“What I do in this seemingly endless networking is a means to an end, not an end in itself,” he told the British newspaper the Independent in 1994. “For me, conviviality in the widest sense, being with people, having intellectual discourse, is what for other people is sport and entertainment.”

At Mr. Weidenfeld’s parties, novelist Martin Amis might brush elbows with Henry Kissinger and Bianca Jagger might be chatting with opera star Plácido Domingo. Mr. Weidenfeld was constantly traveling and often joined John Paul II at Castel Gondolfo, a papal retreat near Rome.

Earlier in his life, Mr. Weidenfeld was close to many of the founders of Israel and served as chief of staff to Chaim Weizmann, the country’s first president, in 1949 and 1950.

“The essential cause of my life is the survival of the Jews,” Mr. Weidenfeld said in 1994. “For me, the existence of Israel is the most important event of the 20th century.”

Yet he also published the memoirs of several high-ranking Nazi figures, including Albert Speer, the chief architect and minister of armaments in Hitler’s Germany.

“You develop the attitude of an anthropologist towards a tribe,” Mr. Weidenfeld said. “You want to know how it really happened.”

Artur Georg Weidenfeld was born Sept. 13, 1919, in Vienna. His father was in the insurance business, but the family had a scholarly bent, and Mr. Weidenfeld studied law and diplomacy at the University of Vienna.

In 1937, he challenged a Nazi sympathizer to a duel, fought with sabers. It was ruled a draw.

After World War II, Mr. Weidenfeld said in a 2009 interview with Britain’s Jewish Chronicle, “I looked him up in the phone directory and we shared a salami sandwich. He had been terribly injured on the Russian front.”

Soon after his father was jailed in 1938, Mr. Weidenfeld left Vienna for good. (His father was later released.)

With the help of Christian groups, he reached London and found work with the BBC. He also wrote newspaper columns and launched his first publishing efforts in the mid-1940s.

In 1949, he and writer Nigel Nicolson founded Weidenfeld & Nicolson, which had its first great success in 1953 with “The Hedgehog and the Fox,” by Oxford don Isaiah Berlin.

Mr. Weidenfeld was a longtime friend of Nabokov, the Russian-born writer whose novel “Lolita,” about an older man’s infatuation with a 12-year-old girl, was published in Paris in 1955 and in the United States three years later.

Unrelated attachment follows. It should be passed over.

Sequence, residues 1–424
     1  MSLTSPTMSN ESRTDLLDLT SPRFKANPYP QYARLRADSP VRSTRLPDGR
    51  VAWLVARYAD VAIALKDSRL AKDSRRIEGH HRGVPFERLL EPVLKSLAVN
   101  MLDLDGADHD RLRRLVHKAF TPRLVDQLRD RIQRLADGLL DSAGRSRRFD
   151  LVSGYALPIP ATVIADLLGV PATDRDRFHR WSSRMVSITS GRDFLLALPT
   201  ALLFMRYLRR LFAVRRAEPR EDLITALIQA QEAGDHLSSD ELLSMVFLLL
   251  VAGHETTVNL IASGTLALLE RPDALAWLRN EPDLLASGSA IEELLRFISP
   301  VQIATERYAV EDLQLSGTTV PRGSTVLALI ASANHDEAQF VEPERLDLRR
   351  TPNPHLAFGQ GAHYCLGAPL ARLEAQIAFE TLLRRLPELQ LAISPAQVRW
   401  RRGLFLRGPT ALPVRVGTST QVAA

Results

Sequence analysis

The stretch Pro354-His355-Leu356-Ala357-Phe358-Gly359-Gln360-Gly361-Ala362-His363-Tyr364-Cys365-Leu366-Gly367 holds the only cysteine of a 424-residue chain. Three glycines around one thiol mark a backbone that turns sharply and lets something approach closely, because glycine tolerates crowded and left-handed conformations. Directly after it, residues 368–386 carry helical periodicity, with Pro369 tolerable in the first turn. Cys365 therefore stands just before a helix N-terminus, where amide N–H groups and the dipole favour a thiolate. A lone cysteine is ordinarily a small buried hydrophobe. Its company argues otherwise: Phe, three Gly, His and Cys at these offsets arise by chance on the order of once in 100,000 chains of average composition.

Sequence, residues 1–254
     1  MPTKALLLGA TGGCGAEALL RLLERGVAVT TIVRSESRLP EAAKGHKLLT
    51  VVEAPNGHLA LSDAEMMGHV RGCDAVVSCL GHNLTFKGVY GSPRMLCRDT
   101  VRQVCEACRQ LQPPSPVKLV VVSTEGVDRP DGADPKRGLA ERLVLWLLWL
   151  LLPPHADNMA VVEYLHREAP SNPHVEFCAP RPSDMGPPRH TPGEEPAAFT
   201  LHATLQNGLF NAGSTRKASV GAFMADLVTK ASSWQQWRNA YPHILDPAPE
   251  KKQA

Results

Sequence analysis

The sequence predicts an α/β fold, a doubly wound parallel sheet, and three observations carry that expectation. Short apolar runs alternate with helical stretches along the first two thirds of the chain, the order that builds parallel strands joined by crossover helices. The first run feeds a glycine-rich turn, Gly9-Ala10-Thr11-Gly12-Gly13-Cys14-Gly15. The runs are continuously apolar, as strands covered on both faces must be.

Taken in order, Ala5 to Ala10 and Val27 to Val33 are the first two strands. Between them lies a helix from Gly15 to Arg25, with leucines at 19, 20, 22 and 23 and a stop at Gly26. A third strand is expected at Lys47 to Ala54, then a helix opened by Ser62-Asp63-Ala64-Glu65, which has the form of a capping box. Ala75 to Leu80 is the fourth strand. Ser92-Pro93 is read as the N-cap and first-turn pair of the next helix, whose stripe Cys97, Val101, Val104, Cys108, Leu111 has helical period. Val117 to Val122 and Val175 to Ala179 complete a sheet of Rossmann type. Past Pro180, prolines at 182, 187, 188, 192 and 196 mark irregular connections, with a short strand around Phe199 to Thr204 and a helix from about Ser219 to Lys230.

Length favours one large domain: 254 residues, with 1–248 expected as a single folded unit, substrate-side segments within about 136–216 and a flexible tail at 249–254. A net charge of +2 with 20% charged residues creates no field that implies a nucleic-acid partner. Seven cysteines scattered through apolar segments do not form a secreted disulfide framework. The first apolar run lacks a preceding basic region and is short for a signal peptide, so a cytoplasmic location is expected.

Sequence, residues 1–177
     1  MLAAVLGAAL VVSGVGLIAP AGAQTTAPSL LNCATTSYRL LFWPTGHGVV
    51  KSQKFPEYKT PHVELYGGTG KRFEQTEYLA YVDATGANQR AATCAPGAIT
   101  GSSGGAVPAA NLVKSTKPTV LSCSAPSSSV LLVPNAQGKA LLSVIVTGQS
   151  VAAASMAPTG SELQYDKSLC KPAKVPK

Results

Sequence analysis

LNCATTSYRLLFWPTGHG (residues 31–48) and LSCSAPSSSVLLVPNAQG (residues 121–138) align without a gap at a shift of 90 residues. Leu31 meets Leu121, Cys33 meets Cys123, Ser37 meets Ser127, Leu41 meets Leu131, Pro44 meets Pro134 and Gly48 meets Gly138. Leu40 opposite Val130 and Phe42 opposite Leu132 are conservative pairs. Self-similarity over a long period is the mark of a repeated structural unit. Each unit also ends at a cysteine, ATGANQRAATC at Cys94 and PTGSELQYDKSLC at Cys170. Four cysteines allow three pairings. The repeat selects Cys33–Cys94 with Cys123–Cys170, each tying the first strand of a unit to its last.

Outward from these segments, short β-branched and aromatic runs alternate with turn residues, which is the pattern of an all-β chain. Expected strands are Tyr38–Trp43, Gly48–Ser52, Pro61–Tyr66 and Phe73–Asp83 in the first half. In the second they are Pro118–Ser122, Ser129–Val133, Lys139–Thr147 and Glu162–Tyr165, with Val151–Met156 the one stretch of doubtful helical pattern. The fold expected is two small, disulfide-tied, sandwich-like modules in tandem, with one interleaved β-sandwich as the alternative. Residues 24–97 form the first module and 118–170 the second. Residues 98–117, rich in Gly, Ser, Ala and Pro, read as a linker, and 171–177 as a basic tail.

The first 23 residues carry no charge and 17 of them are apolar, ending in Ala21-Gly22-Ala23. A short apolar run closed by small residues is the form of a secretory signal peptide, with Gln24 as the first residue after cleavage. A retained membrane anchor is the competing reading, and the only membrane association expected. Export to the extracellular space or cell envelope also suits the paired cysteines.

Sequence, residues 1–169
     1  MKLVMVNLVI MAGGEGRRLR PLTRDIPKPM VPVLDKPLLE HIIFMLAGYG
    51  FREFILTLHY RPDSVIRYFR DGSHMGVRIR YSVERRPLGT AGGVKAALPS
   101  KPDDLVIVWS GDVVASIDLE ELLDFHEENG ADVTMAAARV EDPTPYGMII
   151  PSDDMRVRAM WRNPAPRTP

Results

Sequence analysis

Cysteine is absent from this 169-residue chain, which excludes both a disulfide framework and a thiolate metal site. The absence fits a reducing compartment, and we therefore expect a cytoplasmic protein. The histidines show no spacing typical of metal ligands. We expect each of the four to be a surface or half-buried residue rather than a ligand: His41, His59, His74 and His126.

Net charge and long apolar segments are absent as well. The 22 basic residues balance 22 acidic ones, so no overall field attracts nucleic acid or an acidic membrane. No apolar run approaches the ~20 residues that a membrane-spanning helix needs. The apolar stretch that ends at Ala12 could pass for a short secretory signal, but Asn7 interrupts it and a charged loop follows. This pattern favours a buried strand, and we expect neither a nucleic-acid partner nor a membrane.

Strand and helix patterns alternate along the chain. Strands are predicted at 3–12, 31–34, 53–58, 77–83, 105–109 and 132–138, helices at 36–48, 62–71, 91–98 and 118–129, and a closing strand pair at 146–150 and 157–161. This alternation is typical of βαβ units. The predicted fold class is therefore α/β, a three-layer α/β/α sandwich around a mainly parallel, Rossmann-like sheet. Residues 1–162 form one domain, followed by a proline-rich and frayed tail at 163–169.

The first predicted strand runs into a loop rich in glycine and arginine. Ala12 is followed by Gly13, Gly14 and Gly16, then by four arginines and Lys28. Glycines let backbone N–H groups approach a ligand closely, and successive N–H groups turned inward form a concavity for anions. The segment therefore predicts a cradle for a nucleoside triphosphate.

Defying the threat of legal action, Mr. Weidenfeld circulated a few copies of the book among influential critics, who pronounced “Lolita” a masterpiece. He invited Nabokov to a literary gathering in 1959, Mr. Weidenfeld later recalled to a German newspaper. Nabokov recited the names of Tolstoy, Chekhov and other Russian writers, then asked, “But who still remembers the name of a single police chief or censor from St. Petersburg?”

“The next day,” Mr. Weidenfeld said, “the government permitted publication.”

Mr. Weidenfeld was knighted in 1969 and was named a British life peer in 1976.

Over the years, he published books by many leading international figures, including John Paul II, who agreed to write a book of reflections after 15 years of cajoling by Mr. Weidenfeld. The pope’s “Memory and Identity” was published in 2005.

Weidenfeld & Nicolson merged with the Orion Publishing Group in 1992, but it remained an independent publishing house under Mr. Weidenfeld’s control until his death. (Nicolson died in 2004.)

Mr. Weidenfeld’s marriages to Jane Sieff, Barbara Skelton and Sandra Payson Meyer ended in divorce. Survivors include his wife of 23 years, Annabelle Whitestone; a daughter from his first marriage; and several grandchildren and great-grandchildren.

Recalling his youth in a 1990 interview with the BBC, Mr. Weidenfeld said, “I feel very grateful to Christians who saved my life when I had to leave Nazi Austria as a 19-year-old.”

Last year, he launched the Safe Havens Fund, an effort to resettle Christians under siege by the Islamic State in Syria and other embattled regions.

“We owe a debt of gratitude,” he said.



George Weidenfeld was one of the great advocates for high European culture
By Douglas Murray
The Spectator (UK)
January 20, 2016

I am far abroad at the moment but have just learnt the sad news from home of the death of George (Lord) Weidenfeld, at the age of 96. As a publisher, philanthropist, convener, guru and friend he was one of the most extraordinary people in 20th and 21st-century Britain.

Born in Vienna in 1919, he fled the Nazis and came to the UK in the 1930s where he was housed and looked after by a Christian family. Throughout the extraordinary life and career that followed he constantly acted on the gratitude he felt towards the country and people that had taken him in. Only last year he set up a fund to help save Christian children from the fighting in Syria. Asked in a BBC interview why he was prioritising Christian children, he stated with typical clarity that it was because these were the children most under threat.

As a publisher and mentor he knew and helped almost everybody. His friendships with statesmen, writers and other public figures were legendary, and apart from his warmth, kindness and huge encouragement, one of the great pleasures of knowing him was to spur him to reminisce. It was always a profound opportunity to hear him talk of pre-war Austria. But it was equally extraordinary to hear him speak of almost everything that had happened in the world of culture and politics since. No one else could speak with such insight and with such personal experience of Nabokov, Picasso, Isaiah Berlin and a thousand others besides. Before one recent dinner I mentioned a book by Stefan Zweig that I had been reading. ‘Ah, yes, Stefan Zweig’ George began. Of course he had known him in London when Zweig too was in flight from Hitler. I’m sure I can’t have been the only friend of George’s to worry that he may have been not just one of the greatest receptacles and advocates for high European culture, but also perhaps one of the last.